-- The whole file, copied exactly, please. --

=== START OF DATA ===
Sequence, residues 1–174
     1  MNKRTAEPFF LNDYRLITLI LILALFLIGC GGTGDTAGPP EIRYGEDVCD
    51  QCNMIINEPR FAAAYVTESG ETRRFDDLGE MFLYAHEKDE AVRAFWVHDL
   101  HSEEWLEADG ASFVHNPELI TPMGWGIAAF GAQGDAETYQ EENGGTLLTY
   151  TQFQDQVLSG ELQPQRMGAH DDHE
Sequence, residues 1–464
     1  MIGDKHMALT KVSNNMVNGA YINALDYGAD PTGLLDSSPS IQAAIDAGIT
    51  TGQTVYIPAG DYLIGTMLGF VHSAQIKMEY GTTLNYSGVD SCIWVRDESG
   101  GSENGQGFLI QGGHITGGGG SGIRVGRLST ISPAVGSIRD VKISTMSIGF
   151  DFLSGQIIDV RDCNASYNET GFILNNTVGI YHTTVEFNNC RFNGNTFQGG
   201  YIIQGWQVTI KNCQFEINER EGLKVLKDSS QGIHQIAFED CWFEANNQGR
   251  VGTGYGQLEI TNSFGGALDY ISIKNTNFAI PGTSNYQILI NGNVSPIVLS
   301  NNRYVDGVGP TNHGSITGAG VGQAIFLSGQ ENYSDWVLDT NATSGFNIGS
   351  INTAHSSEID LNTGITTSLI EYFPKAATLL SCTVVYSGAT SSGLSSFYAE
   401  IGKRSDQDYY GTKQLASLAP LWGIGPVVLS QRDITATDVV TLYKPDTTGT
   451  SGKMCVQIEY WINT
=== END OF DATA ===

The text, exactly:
Sequence, residues 1–174
     1  MNKRTAEPFF LNDYRLITLI LILALFLIGC GGTGDTAGPP EIRYGEDVCD
    51  QCNMIINEPR FAAAYVTESG ETRRFDDLGE MFLYAHEKDE AVRAFWVHDL
   101  HSEEWLEADG ASFVHNPELI TPMGWGIAAF GAQGDAETYQ EENGGTLLTY
   151  TQFQDQVLSG ELQPQRMGAH DDHE
Sequence, residues 1–464
     1  MIGDKHMALT KVSNNMVNGA YINALDYGAD PTGLLDSSPS IQAAIDAGIT
    51  TGQTVYIPAG DYLIGTMLGF VHSAQIKMEY GTTLNYSGVD SCIWVRDESG
   101  GSENGQGFLI QGGHITGGGG SGIRVGRLST ISPAVGSIRD VKISTMSIGF
   151  DFLSGQIIDV RDCNASYNET GFILNNTVGI YHTTVEFNNC RFNGNTFQGG
   201  YIIQGWQVTI KNCQFEINER EGLKVLKDSS QGIHQIAFED CWFEANNQGR
   251  VGTGYGQLEI TNSFGGALDY ISIKNTNFAI PGTSNYQILI NGNVSPIVLS
   301  NNRYVDGVGP TNHGSITGAG VGQAIFLSGQ ENYSDWVLDT NATSGFNIGS
   351  INTAHSSEID LNTGITTSLI EYFPKAATLL SCTVVYSGAT SSGLSSFYAE
   401  IGKRSDQDYY GTKQLASLAP LWGIGPVVLS QRDITATDVV TLYKPDTTGT
   451  SGKMCVQIEY WINT